• \$\begingroup\$ Do you really have that many elements in your CSS definitions that can even have a z-index value? Is your CSS structured such that you have certain classes, for example, that use z-index that you could use as a more narrow selector? Iterating over every element in within the document body seems like a bad approach. \$\endgroup\$ – Mike Brant Oct 5 '16 at 17:10
  • \$\begingroup\$ @MikeBrant Sorry, I was too brief. Please look at my edit. \$\endgroup\$ – cFreed Oct 5 '16 at 18:51
2
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While I understand you're looking for a snippet that works well on an underlying page you have no control over, any solution for such a problem would technically be a hack.

Your best bet, though certainly not a fool-proof solution, is to just use a very large or perhaps the maximum possible z-index (supposedly 2147483647, though certainly not standardised - I'd just go with something like 10000000) on your element.

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  • \$\begingroup\$ Thanks for your suggestion. But it can't be used in my case, because the pair cache+dialog may be "stacked". I.e., like working on a main page may be temporarily interrupted by a dialog, the work in this dialog may be temporarily interrupted by a second level dialog... and so on. It's why I must always be able to evaluate which is the current max z-index, including those of my previous level(s) dialogs! In the other hand I'm a bit surprised you name "hack" the process of looking for the max z-index: it only gets an information and doesn't change anything of the original page. \$\endgroup\$ – cFreed Oct 5 '16 at 19:36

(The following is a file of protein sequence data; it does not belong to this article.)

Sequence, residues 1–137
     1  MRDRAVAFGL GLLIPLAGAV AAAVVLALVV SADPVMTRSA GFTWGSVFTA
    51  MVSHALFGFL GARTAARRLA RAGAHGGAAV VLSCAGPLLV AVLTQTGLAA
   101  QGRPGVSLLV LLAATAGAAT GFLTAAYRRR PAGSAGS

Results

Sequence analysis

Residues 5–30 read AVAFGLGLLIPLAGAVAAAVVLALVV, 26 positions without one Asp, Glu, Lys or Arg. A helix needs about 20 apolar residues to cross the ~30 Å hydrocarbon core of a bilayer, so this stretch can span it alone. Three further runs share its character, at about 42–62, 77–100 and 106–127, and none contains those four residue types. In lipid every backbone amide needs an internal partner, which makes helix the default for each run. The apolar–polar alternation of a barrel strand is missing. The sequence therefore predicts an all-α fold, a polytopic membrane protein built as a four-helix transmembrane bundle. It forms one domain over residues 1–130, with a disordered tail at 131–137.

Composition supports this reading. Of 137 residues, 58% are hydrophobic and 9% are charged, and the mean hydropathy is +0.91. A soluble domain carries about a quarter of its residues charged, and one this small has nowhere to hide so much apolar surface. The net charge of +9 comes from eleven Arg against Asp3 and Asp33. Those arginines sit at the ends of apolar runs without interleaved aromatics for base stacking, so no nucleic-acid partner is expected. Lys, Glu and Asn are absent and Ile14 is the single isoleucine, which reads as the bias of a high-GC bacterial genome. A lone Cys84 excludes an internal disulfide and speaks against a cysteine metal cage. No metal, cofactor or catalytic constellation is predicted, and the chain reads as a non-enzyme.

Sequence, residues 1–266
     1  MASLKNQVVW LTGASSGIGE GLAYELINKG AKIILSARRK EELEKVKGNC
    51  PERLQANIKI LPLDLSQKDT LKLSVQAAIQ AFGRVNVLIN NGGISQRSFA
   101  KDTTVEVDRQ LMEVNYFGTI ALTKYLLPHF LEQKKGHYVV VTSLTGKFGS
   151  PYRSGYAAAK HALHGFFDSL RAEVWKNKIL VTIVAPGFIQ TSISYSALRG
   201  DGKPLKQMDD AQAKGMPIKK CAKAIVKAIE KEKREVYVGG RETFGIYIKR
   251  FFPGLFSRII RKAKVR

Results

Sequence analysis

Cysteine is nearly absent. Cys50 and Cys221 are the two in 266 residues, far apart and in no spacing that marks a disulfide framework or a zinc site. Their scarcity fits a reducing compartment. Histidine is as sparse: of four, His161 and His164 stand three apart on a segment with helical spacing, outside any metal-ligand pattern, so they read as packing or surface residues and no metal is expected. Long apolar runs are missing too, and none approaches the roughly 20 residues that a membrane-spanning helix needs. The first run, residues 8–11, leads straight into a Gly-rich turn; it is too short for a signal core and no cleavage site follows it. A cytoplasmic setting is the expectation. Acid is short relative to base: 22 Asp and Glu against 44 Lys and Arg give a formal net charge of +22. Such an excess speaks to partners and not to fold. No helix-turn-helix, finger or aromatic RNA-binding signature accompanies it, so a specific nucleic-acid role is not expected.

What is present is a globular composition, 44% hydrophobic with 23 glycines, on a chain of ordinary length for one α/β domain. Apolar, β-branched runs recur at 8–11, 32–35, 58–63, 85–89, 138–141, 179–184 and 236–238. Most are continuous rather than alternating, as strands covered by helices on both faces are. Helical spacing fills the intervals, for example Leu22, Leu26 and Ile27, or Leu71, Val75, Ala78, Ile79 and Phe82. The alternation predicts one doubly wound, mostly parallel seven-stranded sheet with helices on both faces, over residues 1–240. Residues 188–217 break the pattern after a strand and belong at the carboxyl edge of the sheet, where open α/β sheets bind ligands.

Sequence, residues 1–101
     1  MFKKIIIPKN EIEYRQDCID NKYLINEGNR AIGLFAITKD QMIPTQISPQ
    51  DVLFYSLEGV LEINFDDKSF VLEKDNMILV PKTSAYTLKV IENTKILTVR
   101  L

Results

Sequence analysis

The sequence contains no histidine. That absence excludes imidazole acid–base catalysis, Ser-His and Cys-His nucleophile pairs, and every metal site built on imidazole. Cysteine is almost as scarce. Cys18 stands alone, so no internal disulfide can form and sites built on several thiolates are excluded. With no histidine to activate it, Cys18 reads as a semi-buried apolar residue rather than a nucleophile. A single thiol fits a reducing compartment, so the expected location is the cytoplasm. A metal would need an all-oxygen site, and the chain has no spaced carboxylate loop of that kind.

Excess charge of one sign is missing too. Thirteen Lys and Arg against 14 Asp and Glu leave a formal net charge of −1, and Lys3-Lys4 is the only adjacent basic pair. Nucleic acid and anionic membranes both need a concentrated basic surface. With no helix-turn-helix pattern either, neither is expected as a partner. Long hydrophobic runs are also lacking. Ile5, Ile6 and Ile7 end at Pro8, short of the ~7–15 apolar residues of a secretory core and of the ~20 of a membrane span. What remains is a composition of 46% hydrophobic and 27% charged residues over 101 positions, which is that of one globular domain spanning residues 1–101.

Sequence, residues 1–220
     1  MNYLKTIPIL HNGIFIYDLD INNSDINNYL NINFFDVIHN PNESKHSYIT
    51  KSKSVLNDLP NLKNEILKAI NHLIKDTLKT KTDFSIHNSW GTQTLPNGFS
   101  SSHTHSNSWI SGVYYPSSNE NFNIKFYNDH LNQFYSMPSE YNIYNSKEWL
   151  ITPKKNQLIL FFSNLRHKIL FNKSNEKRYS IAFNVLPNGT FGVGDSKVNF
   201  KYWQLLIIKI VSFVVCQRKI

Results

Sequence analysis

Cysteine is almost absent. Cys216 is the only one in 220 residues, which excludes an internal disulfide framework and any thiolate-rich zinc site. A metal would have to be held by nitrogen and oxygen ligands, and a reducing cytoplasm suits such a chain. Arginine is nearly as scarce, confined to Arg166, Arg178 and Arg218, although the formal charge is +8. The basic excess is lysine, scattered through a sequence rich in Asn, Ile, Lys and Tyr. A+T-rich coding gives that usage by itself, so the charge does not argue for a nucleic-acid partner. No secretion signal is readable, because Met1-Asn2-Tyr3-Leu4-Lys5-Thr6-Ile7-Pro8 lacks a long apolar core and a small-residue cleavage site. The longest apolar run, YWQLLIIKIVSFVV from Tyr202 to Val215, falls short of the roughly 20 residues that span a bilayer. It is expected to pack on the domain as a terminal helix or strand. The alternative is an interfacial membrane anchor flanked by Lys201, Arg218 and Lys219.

• \$\begingroup\$ If you ensure that the "second level dialog" is inserted after the first level (which you already do, since append inserts elements to the end of the parent) and they have the same z-index, the second level will be on top of first. \$\endgroup\$ – fstanis Oct 5 '16 at 19:42
  • \$\begingroup\$ Yes, but... Note that, since cache and dialog have both position: fixed, as soon as cache have x as z-index dialog must have x+1. So if the z-index are the same from level to level, the 1st level dialog keeps overstripping the 2nd level cache. And here is the point: each dialog may have quite different contents (so quite different sizes) and then at 2nd level we may have visible parts of the 1st level dialog! \$\endgroup\$ – cFreed Oct 5 '16 at 19:51
  • 1
    \$\begingroup\$ You needn't do that - just make sure both the dialog box and the "cache" layer have the same z-index and it will work fine (again, order in HTML applies, since they are both position: fixed). Here's a fiddle. \$\endgroup\$ – fstanis Oct 5 '16 at 20:49
  • \$\begingroup\$ I first thought you were wrong (this was based on issues I previously got by example with elements like the image on my sample snippet above; but it was only due to its position). So I did some tries to check, and I agree with your solution, which also simplifies handling my own components z-index (I increased it successively for each of them, while I can use only one, like your sample shows). Thanks for your time. \$\endgroup\$ – cFreed Oct 5 '16 at 23:17